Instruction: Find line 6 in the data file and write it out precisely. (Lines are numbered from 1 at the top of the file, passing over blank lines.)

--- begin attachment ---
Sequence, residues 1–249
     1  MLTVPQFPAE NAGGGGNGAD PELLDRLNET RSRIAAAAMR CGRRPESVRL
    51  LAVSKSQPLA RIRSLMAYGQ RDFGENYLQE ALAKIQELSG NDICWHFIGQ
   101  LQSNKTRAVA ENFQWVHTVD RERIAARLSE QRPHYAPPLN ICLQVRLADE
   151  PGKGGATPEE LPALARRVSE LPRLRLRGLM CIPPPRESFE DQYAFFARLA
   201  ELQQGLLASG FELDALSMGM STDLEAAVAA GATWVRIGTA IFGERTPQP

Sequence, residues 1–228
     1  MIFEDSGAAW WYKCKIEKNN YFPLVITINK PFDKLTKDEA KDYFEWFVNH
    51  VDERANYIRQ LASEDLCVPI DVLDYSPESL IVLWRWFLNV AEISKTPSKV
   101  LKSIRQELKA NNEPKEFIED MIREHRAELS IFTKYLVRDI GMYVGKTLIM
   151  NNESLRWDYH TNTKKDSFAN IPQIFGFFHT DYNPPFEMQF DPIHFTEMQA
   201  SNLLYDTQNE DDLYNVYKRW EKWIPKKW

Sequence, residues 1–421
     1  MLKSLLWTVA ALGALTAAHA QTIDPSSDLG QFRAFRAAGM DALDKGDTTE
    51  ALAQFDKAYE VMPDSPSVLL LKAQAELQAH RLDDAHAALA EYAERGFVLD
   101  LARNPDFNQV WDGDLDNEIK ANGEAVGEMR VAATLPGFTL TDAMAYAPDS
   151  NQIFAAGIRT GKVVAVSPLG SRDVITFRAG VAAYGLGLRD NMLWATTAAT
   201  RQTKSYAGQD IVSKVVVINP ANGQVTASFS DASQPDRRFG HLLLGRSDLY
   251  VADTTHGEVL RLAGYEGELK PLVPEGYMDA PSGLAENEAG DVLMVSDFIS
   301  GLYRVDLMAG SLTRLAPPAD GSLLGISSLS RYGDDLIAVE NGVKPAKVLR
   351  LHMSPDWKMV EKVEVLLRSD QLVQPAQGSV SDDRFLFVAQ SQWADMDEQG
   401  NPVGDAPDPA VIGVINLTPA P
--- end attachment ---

   201  ELQQGLLASG FELDALSMGM STDLEAAVAA GATWVRIGTA IFGERTPQP